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Author Topic: Laid Up Ships  (Read 106882 times)
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Phil English
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« on: December 03, 2008, 03:11:49 pm »

With the sudden crash in the shipping markets there is now evidence of a wave of ships being formally laid up in ports around the U.K. and on the continent. So far, we have:

Southampton - ATLANTIC BRIDGE and MARGARET HILL
Tees - CALA PORTOFINO and CALA POSITANO (due shortly)
River Fal - SETUBAL (to be confirmed, but would appear to be laid up)
Tilbury  - EMARAUDE FRANCE, SPEEDONE, EGLANTINE, IPSWICH WAY and OSTEND WAY. (the last 3 to be confirmed, but they have not moved since mid-November)

Plus there is a gaggle of container feeders at Hamburg, thanks to photos posted by one of our correspondents there.

There are also reports that Zodiac are laying up a container ship at Southampton, but they are not disclosing which one. There is nothing on AIS to suggest that anything has arrived yet, but can any of our local correspondents in the Solent area confirm?

Any further news of ships arriving for lay up, please post in this thread. Thanks.
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Ferry-Man
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« Reply #1 on: December 03, 2008, 03:45:10 pm »

HD1 Laid up in Newhaven
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Allan RO
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« Reply #2 on: December 03, 2008, 05:01:03 pm »

Hi Phil

Not sure about Margaret Hill strictly being laid up - I thought she was awaiting conversion to a floating LPG production/storage facility.  Interestingly, Atlantic Bridge sailed for Brazil after just a week at 101 berth.  Morning Cloud is on the list as being at Southampton until 04:2009, but no doubt if there is a sudden surge in demand for bulkers, she'll be off sooner..

The lay-up of the Costa Container vessels must be very worrying for the builders.  Stocznia Szczecińska Nowa have orders in hand for two updated versions, B170/V and also two B178/III vessels for the same company.  Bear in mind it was the cancellation of the delivery of two B591 vessels, one almost complete, from another Italian company, Lloyd Sardegna in 2002, that was instrumental in the bankruptcy of Stocznia Szczecińska in that year.   I hope Italian lightning does not strike twice at the same yard.

Allan
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Ferry-Man
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« Reply #3 on: December 03, 2008, 06:57:02 pm »

I'm pretty sure the Pride of Telemark is still laid up following her accident last year. All repairs I think are finished, but she never got back into service with Kystlink, who, of course, have since gone bankrupt. :-(
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Phil English
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« Reply #4 on: December 04, 2008, 09:08:44 am »

Allan,

Thanks for the info about the ATLANTIC BRIDGE. I hadn't realised she'd gone. As for the MARGARET HILL, yes, there is a potential plan for her to be converted, but that's still in the pipeline. In the meantime, she has struggled to find work in the spot market and has spent most of this year idle. Effectively, she is laid up.

I don't see the connection between the yard and the laying up of the two containerships. Ships are lying idle because of the current economic slump and where they are built has no bearing on this. However, Szczecin Nowa, the restructured Szczecin Shipyard, is already in dire financial difficulties and has been for some time. Along with the other main Polish yard at Gdynia, they have to pay back millions of Euros in illigal state aid. The assest of the yards will be sold off, or alternatively they face bankrupcly, but whatever happens shipbuilding is likely to end. As it is, they are struggling to complete orders which are running 1-2 years behind schedule, the owners having walked away in most instances.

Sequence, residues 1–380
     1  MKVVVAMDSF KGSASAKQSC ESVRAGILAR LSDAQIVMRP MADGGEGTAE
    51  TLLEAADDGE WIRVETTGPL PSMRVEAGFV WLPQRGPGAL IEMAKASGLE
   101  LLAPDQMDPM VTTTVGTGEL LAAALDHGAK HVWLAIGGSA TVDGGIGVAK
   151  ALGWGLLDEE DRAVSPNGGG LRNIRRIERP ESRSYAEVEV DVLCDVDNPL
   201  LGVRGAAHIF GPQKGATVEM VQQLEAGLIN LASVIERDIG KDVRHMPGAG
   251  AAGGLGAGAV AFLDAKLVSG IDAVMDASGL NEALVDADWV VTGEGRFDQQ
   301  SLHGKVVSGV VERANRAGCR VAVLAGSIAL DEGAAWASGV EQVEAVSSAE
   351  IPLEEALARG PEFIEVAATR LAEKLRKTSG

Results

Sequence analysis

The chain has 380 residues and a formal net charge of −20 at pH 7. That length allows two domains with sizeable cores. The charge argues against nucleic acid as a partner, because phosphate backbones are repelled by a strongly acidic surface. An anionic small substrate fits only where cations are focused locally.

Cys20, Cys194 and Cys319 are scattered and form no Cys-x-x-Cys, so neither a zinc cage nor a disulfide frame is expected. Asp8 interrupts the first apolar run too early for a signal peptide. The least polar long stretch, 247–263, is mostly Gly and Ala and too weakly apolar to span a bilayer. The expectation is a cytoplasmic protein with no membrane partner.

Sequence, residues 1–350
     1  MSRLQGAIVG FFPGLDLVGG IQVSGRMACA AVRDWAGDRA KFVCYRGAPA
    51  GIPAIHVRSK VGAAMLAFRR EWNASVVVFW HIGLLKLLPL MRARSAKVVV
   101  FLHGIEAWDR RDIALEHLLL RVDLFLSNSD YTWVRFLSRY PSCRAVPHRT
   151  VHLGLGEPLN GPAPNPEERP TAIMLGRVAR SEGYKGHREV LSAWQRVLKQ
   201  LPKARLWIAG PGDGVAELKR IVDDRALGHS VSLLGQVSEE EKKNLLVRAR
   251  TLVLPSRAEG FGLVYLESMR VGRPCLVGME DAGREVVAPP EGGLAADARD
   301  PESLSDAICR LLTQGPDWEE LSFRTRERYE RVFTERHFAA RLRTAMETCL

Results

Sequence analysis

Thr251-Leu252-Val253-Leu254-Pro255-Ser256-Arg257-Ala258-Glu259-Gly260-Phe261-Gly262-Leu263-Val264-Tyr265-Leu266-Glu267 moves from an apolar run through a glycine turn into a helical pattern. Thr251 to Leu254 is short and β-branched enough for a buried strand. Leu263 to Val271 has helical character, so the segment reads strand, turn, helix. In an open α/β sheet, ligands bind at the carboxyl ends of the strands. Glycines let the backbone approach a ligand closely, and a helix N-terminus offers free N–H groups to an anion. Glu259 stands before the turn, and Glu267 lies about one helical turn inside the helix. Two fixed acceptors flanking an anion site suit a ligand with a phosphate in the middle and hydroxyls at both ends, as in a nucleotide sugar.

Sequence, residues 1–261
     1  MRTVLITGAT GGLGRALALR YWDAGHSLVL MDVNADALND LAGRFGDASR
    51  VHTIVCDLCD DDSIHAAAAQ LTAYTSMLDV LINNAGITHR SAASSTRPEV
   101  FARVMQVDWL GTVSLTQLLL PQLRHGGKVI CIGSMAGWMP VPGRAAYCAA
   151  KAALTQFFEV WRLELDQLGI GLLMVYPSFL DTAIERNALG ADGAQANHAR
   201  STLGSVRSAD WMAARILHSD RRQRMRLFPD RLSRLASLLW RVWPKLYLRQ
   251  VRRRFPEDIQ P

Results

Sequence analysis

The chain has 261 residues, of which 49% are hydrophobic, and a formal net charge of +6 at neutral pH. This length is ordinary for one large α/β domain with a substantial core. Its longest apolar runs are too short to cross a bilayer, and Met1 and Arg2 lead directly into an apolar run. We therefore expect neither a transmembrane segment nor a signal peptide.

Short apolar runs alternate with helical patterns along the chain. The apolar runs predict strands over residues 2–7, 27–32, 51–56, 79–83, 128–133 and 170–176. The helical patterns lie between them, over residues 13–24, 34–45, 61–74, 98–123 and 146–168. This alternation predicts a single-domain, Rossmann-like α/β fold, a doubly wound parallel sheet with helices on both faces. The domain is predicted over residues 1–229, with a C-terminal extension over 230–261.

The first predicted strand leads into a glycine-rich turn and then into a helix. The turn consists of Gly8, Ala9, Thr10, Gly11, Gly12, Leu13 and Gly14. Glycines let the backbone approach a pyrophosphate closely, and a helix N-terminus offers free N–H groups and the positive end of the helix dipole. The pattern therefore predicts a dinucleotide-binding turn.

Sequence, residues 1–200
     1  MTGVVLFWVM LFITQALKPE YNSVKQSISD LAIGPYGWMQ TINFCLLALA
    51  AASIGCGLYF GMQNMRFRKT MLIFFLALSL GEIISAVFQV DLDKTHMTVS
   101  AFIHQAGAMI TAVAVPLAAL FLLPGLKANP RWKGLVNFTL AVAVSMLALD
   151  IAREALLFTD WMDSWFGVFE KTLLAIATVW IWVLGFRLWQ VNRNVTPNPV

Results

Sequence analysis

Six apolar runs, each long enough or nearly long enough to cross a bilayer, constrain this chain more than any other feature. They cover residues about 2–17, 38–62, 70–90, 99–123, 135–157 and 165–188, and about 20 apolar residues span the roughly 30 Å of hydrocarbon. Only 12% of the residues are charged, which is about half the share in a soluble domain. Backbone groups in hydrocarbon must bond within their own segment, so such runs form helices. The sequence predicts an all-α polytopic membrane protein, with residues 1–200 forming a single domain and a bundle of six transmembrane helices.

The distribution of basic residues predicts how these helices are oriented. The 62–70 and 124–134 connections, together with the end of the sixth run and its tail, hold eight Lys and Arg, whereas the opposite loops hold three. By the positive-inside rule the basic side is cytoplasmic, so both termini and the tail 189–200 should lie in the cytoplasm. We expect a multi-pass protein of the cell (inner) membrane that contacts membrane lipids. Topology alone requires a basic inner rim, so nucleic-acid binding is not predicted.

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Phil English
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« Reply #5 on: December 04, 2008, 09:09:54 am »

Thanks Ferryman for your help on this.

Phil
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Allan RO
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« Reply #6 on: December 04, 2008, 10:18:06 am »

Hi Phil

My point about the yard is that if CCL are laying up existing vessels, they are not likely to want new ones of the same type delivered.

Regarding the EU attitude to shipbuilding, it is quite likely that their rules regarding subsidies will kill off shipbuilding completely in both Poland and Croatia, as it prepares for EU membership.  Is that what the EU want ??   A huge rise in unemployment, and crumbling economies that will still have to be subsidised in some form by UK, Germany and France !!!

The EU has never stopped the French subsidising their inefficient airline Air France, (or their railways for that matter) or various farmers around Europe who seem to benefit from the ludicrous CAP - just what do the mandarins of the EU have against shipbuilding?

Allan
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Phil English
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« Reply #7 on: December 04, 2008, 12:37:00 pm »

Allan,

You may well be right, but because of SSN's woes, the vessels CCL has on order there will probably not be built anyway, irrespective of how well or badly the shipping markets perform. In fact CCL may be on to a good thing. They will not get the ships, but because it is SSN defaulting and not CCLs choice to cancel, they will get compensated for any downpayments made.

As for the EU, they probably realise (if they have any sense) that EU shipbuilders are unable to compete with the efficiency and productivity of Korean, Japanese and, to a lesser extent, Chinese yards, so throwing public money at a failing industry is not wise. Even with massive subsidies, Polish yards were struggling to complete orders on time.
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Bob Scott